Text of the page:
- The agreement does not commit the city or the applicant to annexation.
- Requires Steamboat 700 to partially or completely fund 14 studies of issues including transit capacity, fiscal impacts, wildlife, water capacity, wetlands, visual impacts, sustainable design and slope analysis; and to reimburse the city for staff time to review the annexation application, at a rate of $50 per hour.
- Anticipates submittal of a complete annexation application in October of this year.
- Requires Steamboat 700 to fully fund the federal and Colorado Department of Transportation studies required before upgrading U.S. Highway 40 to support proposed growth in west Steamboat Springs.
- Requires Steamboat 700 to fund a share of the transit upgrades and U.S. 40 improvements required to serve the development and allows the city to limit future development until improvements are constructed.
A copy of the Pre-Annexation Agreement can be found on the Web at: www.yampavalley.i...>
Source: John Eastman,
Planning Services Manager for
- Tuesday, August 5, 2008, 5 p.m.
- Centennial Hall, 124 10th St., Steamboat Springs
The Steamboat Springs City Council will vote on a resolution to approve the pre-annexation agreement for Steamboat 700 during its meeting Tuesday.
The city's Community Development Code requires a pre-annexation agreement before city officials will consider an annexation application. Although the agreement does not guarantee annexation, city Planning Services Manager John Eastman said it "nails down big policy issues" such as funding for improvements to U.S. Highway 40 that would be required before developers would be allowed to begin construction.
"Basically, we're saying 'if you aren't willing to commit to taking care of transportation issues and if you aren't willing to commit to taking care of fiscal impacts, we're not even interested in seeing an (annexation) application,'" Eastman said Thursday.
Steamboat 700 is a proposed development of about 2,000 units on 700 acres west of Steamboat Springs. Developers are awaiting the decision to amend the Urban Growth Boundary, which would allow them to develop the complete 700-acre parcel at urban densities. That decision will come at a joint meeting between City Council and the Routt County Board of Commissioners on Aug. 12.
"There is a misconception that the pre-annexation agreement is an approval to move forward with annexation," Eastman said Thursday. "It's not."
The proposed Steamboat 700 pre-annexation agreement outlines a number of requirements that have been discussed previously in public meetings May 6, June 17 and July 1.
The requirements outlined in the pre-annexation agreement are unique to Steamboat 700. They relate primarily to identifying financial responsibilities of the developers, because of impacts city officials expect the development will have on the broader community.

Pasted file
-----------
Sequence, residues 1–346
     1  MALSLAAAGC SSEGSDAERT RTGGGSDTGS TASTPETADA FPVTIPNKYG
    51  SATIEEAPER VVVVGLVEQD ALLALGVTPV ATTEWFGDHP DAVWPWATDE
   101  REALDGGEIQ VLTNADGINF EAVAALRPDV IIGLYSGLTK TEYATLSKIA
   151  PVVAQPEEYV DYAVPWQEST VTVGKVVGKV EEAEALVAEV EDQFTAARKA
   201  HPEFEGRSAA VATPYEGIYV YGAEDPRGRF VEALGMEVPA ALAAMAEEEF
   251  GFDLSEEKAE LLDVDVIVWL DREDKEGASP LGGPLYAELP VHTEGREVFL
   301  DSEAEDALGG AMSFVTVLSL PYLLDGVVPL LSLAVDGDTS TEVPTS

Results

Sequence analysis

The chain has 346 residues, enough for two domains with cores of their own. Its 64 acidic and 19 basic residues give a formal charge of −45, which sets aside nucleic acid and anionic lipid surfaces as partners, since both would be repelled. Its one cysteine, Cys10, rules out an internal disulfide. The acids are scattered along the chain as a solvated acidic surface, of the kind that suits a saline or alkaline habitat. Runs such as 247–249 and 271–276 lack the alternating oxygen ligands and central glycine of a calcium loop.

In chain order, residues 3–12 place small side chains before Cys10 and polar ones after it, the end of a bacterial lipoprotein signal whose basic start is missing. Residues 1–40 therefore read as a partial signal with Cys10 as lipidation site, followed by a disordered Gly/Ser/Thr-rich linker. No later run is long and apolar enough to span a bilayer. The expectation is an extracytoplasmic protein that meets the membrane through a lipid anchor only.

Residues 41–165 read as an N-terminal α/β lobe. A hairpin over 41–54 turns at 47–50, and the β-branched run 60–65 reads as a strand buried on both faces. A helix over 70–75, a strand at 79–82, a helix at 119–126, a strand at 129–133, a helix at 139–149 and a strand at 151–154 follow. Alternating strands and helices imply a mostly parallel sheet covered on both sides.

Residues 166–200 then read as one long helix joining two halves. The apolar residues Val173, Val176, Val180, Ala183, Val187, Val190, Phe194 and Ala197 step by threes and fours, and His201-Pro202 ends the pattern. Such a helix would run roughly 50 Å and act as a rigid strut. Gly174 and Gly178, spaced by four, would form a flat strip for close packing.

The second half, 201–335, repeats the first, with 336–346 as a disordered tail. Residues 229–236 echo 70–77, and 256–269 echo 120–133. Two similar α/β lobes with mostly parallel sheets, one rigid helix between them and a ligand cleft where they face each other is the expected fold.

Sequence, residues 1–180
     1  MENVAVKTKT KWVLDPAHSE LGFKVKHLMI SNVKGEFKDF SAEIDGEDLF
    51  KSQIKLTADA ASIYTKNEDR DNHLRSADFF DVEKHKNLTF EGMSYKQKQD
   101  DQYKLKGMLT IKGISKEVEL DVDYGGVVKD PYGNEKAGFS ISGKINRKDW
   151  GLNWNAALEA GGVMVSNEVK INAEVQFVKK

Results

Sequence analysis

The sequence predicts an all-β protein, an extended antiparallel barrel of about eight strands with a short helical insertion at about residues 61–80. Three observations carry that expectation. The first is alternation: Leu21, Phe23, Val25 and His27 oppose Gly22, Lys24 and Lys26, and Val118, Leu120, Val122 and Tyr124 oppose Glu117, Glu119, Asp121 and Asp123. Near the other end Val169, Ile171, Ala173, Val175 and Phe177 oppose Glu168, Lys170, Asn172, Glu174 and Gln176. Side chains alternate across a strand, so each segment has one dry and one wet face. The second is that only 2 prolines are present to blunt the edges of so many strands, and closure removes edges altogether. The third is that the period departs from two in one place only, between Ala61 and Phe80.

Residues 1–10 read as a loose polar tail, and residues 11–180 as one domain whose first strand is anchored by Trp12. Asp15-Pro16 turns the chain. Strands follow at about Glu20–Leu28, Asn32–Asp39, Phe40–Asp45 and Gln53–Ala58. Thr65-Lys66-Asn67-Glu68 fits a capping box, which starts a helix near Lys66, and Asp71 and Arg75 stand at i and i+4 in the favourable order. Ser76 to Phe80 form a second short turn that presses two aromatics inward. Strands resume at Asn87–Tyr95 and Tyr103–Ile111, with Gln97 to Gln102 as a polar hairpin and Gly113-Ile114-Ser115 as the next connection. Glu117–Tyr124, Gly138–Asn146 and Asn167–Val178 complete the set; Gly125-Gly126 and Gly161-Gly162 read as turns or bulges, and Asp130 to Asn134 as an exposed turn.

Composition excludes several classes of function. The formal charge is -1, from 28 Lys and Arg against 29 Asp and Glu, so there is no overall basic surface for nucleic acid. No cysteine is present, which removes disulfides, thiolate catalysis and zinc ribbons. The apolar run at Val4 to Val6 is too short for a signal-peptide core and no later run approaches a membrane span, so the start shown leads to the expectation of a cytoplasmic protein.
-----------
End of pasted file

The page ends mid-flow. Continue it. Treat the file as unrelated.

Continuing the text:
Traffic, funding top list
The agreement states that Steamboat 700 will agree to pay either a share or the full cost for 14 studies regarding Steamboat 700's potential impacts. The studies would address issues including U.S. Highway 40 assessments and improvements, transit accessibility, fiscal impacts, wildlife, water capacity, wetlands, visual impacts, build out analysis, sustainable design and slope analysis. Developers also will be responsible for reimbursing the city for staff time devoted to the studies, at $50 per hour.
Steamboat 700 will be required to pay for a portion of improvements to U.S. 40, but the exact cost won't be known until the environmental assessment is completed, which Eastman said could be a year out.
The agreement includes a 12-month schedule for review of an annexation application, after submittal by Steamboat 700. Eastman said he anticipates more than 30 additional public meetings before a vote on the annexation agreement.
The agreement also suggests several methods for how Steamboat 700 would offset fiscal impacts the development might have on taxpayers within existing city limits. The options include establishing several metro districts, adding a public improvement fee to retail sales and real estate transfer fees.
Few cities require a pre-annexation agreement, Lauren Mooney, assistant to the city manager, said Thursday.
"It's a step that Steamboat Springs requires above and beyond," she added.
Peter Patten, the land-use consultant for Steamboat 700, said vested rights and future growth ordinances could affect the development.
"There are still some issues to discuss on Tuesday," he said.
Regarding whether approval of the pre-annexation agreement would help Steamboat 700 gain approval for an Urban Growth Boundary amendment, Patten said, "We think it's a major step forward."
City Council President Loui Antonucci disagreed and said the pre-annexation agreement has nothing to do with the Urban Growth Boundary.
"The agreement is for what is currently inside the UGB," Antonucci said. "It's general, and I don't think we'll even be talking about (the Urban Growth Boundary) Tuesday."
Steamboat 700 is expected to submit a petition for annexation to the city by Oct. 1. Eastman said he expects it will take a year before an annexation decision is made.